Celebrating Susan B. Anthony’s Birthday by Penny Colman
February 15th is the day to celebrate the birth of Susan B. Anthony who was born on that date in 1820. That prompted me to think about some of her birthday celebrations that I wrote about in my forthcoming book Elizabeth Cady Stanton and Susan B. Anthony: A Friendship That Changed the World.
In 1870, her fiftieth birthday, a group of her friends held a festive affair at the Woman’s Bureau in New York City. Hundreds of admirers attended, despite a heavy downpour. Dressed in a red and black dress of “changeable” silk (a cloth with the horizontal threads dyed one color and the vertical dyed in another), Susan was honored with gifts, and speeches.
In 1890, her seventieth birthday, two hundred women and men feted her at a grand banquet in Washington, DC. The dining room at the Riggs House was festooned with tropical flowers, foliage, and American flags. Gifts were piled high on a table. Seventy pink carnations were presented to her. Toasts were made. Poems, telegrams, cablegrams, and letters were read. Elizabeth Cady Stanton gave the main address on the friendship of women:
“If there is one part of my life which gives me more intense satisfaction than another, it is my friendship . . . with Susan B. Anthony.” In response, Susan said, “I never could have done my work if I had not had this woma n at my right hand.”
In 1900, her eightieth birthday, another gala event was held in Washington, DC. Her old friend John Hutchinson, who had been singing protest songs for fifty years, sang. Frederick Douglass’s grandson Joseph played a violin solo. Coralie Franklin Cook, a professor at HowardUniversity and founder of the Colored Women’s League, spoke, as did representatives from the suffrage states. Eighty children, one by one, laid a single rose on her lap.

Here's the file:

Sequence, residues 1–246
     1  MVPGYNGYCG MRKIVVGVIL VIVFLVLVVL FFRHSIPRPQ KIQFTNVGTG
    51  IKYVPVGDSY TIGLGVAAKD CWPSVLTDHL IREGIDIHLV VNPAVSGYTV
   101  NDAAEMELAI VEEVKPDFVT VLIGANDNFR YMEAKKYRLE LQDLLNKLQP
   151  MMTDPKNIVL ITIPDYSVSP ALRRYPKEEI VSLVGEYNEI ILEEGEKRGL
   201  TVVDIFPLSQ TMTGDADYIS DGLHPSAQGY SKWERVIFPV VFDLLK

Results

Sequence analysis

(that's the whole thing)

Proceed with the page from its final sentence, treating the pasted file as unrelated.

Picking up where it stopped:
Susan B. Anthony’s last birthday celebration was held in 1906 in Washington, DC, a few days after the annual meeting of the National American Woman Suffrage Convention. When a letter was read from President Theodore Roosevelt congratulating her on her eighty-sixth birthday, she exclaimed, “I would rather have President Roosevelt say one word to Congress in favor of amending the Constitution to give women the suffrage than to praise me endlessly!” Addressing the gathering, Susan said, “There have been others also just as true and devoted to the cause-I wish I could name every one-but with such women consecrating lives-failure is impossible.”
Those words-“failure is impossible”-were the last words Susan B. Anthony spoke in public. On March 13, 1906, she died at home in Rochester, New York. Today her home is a National Historic Landmark where her birthday is celebrated every year. Celebrate her birthday with an on-line tour of her home. http://susanbanthonyhouse.org/visit-us/onlinetours.php.
Acclaimed author, Penny Colman, can be contacted at www.pennycolman.com
In 1920, fourteen years after the death of Susan B. Anthony, women in the United States won the right to vote with passage of the 19th Amendment to the U.S. Constitution.Winning The Vote: The Triumph of the Americana Woman Suffrage Movement by Robert P. J. Cooney, Jr., tells the story as no other book has. It captures the color, passion, and excitement of this important part of American history.
For resources related to Woman Suffrage and Women’s Rights, visit the Women’s Rights and Women’s Equality Day Resources section of our webstore www.nwhp.org
Winning The Vote
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